After the title page of Patricia Abbott’s Shot in Detroit, the novel’s synopsis describes the story as  “A riveting novel of psychological suspense….” Hmm. Riveting. As in completely engrossing? Not so much. Suspense? Not the gotta stay up all night to find out what happens next kind. Perhaps a better description would be a novel with an interesting premise, somewhat intriguing characters and a few psychological turns.

Violet Hart is a freelance photographer with low self-esteem, nearing her 40th birthday, and looking for a way to pump up her sagging professional résumé. Her most recent photo exhibit (Detroit apartment buildings in various states of implosion) fails and is cancelled. Ted, the art show curator, stops by Vi’s place to give her the bad news, but only after a quickie in Vi’s bedroom replete with a large and heavy mirror hung on the ceiling. Chekov aficionados take note!

Vi finds a new topic for artistic photographic exploration when her lover Bill, an African-American mortician, asks Vi to take a photo of a deceased young man whose overseas family wants a keepsake because they cannot attend the funeral. In shooting the photo, Vi is impressed with Bill’s expertise and artistry in dressing and prepping his deceased customers. Voila, the idea blooms for a new exhibit featuring African-American males from Bill’s funeral home.

(SPOILER ALERT) The rest of the story plays out around the waxing and waning of Vi and Bill’s affair, Vi’s artistic musings about photographing dead people, and her short and strange friendship with aspiring performance artist Derek whom she meets on Belle Isle. Derek’s murder is the only mystery in the story, which happens half-way through the book (Vi is briefly considered a suspect and the killer is caught). This sub-plot seems tacked on, (an editor’s after-thought?) in order to give the novel more “suspense.”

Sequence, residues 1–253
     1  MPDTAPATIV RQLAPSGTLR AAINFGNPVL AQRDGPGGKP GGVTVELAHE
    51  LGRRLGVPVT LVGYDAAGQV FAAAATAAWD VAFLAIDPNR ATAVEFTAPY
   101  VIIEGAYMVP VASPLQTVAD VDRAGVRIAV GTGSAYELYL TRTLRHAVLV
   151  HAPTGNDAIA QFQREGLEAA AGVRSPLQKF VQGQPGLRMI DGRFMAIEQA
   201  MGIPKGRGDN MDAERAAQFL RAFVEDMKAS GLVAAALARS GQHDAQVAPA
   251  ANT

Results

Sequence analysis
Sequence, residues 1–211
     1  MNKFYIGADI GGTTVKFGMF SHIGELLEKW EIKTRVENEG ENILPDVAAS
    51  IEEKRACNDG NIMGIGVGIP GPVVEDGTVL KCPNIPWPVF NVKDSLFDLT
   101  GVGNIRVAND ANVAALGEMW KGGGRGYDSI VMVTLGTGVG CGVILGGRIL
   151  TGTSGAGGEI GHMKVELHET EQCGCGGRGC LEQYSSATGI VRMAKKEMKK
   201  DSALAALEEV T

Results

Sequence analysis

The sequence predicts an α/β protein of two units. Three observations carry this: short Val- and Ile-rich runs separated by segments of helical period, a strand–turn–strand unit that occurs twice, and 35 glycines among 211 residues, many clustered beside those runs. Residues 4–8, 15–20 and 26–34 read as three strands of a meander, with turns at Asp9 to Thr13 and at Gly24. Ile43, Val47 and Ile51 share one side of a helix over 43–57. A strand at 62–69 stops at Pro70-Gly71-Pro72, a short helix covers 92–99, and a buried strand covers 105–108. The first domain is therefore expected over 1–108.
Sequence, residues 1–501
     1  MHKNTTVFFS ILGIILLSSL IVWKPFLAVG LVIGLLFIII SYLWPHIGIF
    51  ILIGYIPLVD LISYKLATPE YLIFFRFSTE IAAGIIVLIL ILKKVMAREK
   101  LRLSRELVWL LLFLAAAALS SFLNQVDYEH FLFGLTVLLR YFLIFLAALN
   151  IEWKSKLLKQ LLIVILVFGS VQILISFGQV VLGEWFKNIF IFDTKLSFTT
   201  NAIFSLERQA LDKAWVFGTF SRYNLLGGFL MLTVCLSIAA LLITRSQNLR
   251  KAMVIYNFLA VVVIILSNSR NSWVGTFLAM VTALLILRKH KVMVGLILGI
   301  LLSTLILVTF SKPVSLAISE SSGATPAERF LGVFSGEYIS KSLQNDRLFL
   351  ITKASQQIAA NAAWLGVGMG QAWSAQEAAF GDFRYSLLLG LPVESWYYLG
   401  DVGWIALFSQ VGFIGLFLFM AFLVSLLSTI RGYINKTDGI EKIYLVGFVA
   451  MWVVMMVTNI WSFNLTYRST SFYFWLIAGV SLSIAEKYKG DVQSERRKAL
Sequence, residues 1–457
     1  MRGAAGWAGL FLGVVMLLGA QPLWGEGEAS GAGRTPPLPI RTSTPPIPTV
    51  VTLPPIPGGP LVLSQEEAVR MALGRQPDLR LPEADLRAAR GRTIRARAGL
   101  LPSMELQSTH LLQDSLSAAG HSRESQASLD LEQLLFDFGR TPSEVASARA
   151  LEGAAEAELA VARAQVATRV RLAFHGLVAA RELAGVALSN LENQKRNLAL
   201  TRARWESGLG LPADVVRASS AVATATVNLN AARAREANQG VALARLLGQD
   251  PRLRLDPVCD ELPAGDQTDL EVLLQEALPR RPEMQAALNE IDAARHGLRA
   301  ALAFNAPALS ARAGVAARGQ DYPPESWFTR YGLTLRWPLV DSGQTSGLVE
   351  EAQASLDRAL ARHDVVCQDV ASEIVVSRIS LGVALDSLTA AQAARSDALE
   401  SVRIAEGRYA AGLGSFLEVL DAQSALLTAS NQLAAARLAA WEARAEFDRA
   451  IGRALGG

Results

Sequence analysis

But the most glaring and hard to accept odd turn of events in the book occurs when Bill, reclining in bed post-coitus, is instantly killed when that pendulous mirror on the ceiling heeds gravity. Vi, upon rushing into the bedroom and discovering his lifeless body, picks up her camera, PUTS MAKEUP ON HIM, and then photographs him. I threw the book across the room. Later Vi explains her behavior with the time-worn I was in shock, even though during the scene there is nothing to indicate this is the case.

Vi is a flawed and yes I’ll say it, unlikeable, character. One of her most annoying habits is her constant questions to herself about what she’s doing or thinking or saying. Her relentless insecurity calls to mind a woman who is in her late teens or maybe early twenties, not someone on the cusp of 40. Perhaps this is supposed to be a character study about a woman who is a loser on many levels, and if so, the author succeeds. Vi suffers for her art, but more than anything she never seems to get anywhere (although her dead men photos exhibit is a hit, which seems fitting since it’s creepy and her exploitation of them is something she questions over and over). Abbott leaves the reader wondering if a truly unlikeable character can be considered a protagonist and if so, she opens up a new field of inquiry for fiction writers.

On a scale of one to ten, I rate this book a four.